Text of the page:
The land the cottages sit on was acquired by Henry Gibbs in 1869 as a land grant and he constructed the three cottages on the land, fronting onto Aberdeen Street. In the 1890s, each Cottage was enlarged by an extension at the street frontage. Henry Gibbs died in 1897 at which time the property passed to members of his family who retained ownership until 1920 when a succession of owners held title until acquisition by the Government Planning Authority in 1962 and 1982. Two of the Cottages were in residential use until the 1960s when they are recorded as being abandoned; the third was occupied until 1982.
Prior to restoration in 2000, all Three Cottages remained unoccupied and were subject to the destructive activities of squatters and operators helping themselves illegally to removable building elements. Conservation work on the buildings was completed in 2000, prior to disposal by sale by public tender. In 1993 an archaeological investigation was carried out of the site by students from the Centre for Archaeology at the University of Western Australia. The buildings are currently in use as residential dwellings.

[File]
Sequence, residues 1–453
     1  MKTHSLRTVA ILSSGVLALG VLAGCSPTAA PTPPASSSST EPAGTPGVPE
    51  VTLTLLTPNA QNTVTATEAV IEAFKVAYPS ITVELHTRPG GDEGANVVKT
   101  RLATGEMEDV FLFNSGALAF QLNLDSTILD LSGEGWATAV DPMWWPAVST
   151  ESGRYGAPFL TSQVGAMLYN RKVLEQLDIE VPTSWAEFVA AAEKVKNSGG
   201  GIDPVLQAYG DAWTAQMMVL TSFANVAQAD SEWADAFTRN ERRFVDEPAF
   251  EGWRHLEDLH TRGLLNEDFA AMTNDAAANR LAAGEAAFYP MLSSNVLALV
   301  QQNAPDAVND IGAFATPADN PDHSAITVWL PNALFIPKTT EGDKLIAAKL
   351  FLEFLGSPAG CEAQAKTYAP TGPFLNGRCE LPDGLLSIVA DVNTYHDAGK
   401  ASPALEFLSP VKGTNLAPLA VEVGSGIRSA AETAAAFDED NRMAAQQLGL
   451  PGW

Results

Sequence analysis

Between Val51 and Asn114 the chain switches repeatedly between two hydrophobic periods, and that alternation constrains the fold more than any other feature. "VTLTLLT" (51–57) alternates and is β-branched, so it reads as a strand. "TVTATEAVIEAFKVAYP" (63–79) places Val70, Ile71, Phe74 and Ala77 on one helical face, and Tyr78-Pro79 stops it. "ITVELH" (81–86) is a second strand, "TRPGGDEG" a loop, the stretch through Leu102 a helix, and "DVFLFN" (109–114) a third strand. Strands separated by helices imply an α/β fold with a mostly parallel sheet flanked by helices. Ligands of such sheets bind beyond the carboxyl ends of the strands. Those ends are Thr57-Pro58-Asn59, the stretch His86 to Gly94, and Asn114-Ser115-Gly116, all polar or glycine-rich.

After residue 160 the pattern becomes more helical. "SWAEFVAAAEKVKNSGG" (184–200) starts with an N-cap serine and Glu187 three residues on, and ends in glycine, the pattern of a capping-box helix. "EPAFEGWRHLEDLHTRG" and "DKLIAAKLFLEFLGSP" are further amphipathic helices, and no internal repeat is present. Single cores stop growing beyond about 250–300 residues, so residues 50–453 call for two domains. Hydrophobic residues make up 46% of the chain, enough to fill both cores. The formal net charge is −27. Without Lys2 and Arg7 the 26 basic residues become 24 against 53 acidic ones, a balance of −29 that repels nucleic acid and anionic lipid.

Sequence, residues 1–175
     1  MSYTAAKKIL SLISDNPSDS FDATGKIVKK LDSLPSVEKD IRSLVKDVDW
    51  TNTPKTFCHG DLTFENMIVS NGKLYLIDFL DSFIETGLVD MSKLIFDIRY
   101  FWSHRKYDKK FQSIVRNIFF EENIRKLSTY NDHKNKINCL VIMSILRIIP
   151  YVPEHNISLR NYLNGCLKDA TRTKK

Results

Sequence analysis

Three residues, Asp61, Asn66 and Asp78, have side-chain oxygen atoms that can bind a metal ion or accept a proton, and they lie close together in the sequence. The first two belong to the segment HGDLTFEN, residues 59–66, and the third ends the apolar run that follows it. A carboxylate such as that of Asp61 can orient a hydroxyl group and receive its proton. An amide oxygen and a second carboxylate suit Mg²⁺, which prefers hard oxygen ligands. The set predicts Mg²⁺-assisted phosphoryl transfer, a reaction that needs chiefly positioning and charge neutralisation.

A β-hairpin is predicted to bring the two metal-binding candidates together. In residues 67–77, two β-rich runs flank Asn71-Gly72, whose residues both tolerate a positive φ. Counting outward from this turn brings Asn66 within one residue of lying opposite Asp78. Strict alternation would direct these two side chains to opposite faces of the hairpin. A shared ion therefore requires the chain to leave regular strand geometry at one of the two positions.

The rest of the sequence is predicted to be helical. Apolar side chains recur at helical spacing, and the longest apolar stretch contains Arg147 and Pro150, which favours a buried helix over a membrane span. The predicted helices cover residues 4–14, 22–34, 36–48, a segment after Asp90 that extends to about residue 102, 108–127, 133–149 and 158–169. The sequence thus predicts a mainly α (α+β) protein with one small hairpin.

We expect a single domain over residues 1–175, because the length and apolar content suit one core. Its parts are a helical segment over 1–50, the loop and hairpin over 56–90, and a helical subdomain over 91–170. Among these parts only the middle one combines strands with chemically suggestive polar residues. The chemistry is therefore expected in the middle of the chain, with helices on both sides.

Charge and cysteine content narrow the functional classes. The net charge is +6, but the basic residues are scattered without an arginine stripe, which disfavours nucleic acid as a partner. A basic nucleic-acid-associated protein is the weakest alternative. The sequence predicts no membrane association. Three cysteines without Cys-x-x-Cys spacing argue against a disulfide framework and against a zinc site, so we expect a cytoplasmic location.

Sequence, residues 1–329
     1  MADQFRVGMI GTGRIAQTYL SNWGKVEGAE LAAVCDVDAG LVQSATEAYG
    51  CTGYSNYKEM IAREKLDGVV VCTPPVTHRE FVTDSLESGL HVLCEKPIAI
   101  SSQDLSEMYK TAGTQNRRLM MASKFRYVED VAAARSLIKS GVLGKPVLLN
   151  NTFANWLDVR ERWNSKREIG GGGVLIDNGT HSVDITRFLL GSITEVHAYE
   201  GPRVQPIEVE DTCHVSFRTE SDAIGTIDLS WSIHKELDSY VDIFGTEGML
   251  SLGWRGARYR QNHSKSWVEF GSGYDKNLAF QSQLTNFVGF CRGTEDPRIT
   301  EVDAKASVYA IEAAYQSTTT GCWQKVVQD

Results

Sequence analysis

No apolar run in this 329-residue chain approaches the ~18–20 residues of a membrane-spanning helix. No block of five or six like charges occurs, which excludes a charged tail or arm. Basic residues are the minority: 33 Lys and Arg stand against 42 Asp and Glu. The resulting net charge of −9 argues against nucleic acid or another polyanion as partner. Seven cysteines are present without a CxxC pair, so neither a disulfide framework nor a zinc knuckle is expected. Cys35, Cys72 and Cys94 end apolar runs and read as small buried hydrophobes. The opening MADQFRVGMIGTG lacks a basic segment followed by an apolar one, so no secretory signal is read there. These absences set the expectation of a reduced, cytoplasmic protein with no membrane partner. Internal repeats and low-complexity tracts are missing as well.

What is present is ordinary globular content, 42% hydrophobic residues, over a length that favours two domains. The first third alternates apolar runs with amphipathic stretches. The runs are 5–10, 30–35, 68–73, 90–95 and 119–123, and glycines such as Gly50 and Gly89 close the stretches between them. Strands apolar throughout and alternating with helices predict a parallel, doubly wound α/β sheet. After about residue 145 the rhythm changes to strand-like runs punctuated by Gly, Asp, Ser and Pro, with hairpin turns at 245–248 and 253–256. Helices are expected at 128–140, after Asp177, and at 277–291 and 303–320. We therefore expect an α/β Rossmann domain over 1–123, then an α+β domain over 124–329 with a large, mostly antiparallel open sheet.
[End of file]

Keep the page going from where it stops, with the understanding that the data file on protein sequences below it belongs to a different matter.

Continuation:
The 1860s section of each Cottage was constructed in the representative Colonial style for small, workers’ houses in the City of Perth – single storied solid brick walls later rendered or colour –washed externally, high-pitched timber framed hipped roofs clad in timber shingles (later replaced with corrugated galvanized iron sheeting} and four-panelled timber doors and small paned balance-hung sash windows or sliding casements. The Cottages were rectangular in plan form, and comprised four rooms, two with fireplaces and one as a kitchen. A verandah was provided across the rear of each Cottage. The later additions to each in the 1890s were typical of the Federation style for residential buildings at that time. The additions comprised two rooms and a passageway from a front verandah close to the street. Both rooms were provided with fireplaces and the layout and external detail differed to each Cottage.